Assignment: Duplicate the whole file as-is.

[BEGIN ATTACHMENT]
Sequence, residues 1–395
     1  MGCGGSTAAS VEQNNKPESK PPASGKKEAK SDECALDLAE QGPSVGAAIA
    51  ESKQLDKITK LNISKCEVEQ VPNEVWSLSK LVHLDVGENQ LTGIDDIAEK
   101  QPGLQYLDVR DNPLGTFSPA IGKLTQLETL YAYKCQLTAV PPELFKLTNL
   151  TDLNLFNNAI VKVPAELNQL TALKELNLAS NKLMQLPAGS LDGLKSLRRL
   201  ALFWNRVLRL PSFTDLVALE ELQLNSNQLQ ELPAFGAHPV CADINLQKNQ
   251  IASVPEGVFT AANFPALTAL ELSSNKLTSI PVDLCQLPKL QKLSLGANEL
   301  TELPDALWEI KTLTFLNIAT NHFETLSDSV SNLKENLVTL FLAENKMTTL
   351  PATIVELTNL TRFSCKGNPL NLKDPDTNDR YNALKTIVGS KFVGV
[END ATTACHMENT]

Sequence, residues 1–395
     1  MGCGGSTAAS VEQNNKPESK PPASGKKEAK SDECALDLAE QGPSVGAAIA
    51  ESKQLDKITK LNISKCEVEQ VPNEVWSLSK LVHLDVGENQ LTGIDDIAEK
   101  QPGLQYLDVR DNPLGTFSPA IGKLTQLETL YAYKCQLTAV PPELFKLTNL
   151  TDLNLFNNAI VKVPAELNQL TALKELNLAS NKLMQLPAGS LDGLKSLRRL
   201  ALFWNRVLRL PSFTDLVALE ELQLNSNQLQ ELPAFGAHPV CADINLQKNQ
   251  IASVPEGVFT AANFPALTAL ELSSNKLTSI PVDLCQLPKL QKLSLGANEL
   301  TELPDALWEI KTLTFLNIAT NHFETLSDSV SNLKENLVTL FLAENKMTTL
   351  PATIVELTNL TRFSCKGNPL NLKDPDTNDR YNALKTIVGS KFVGV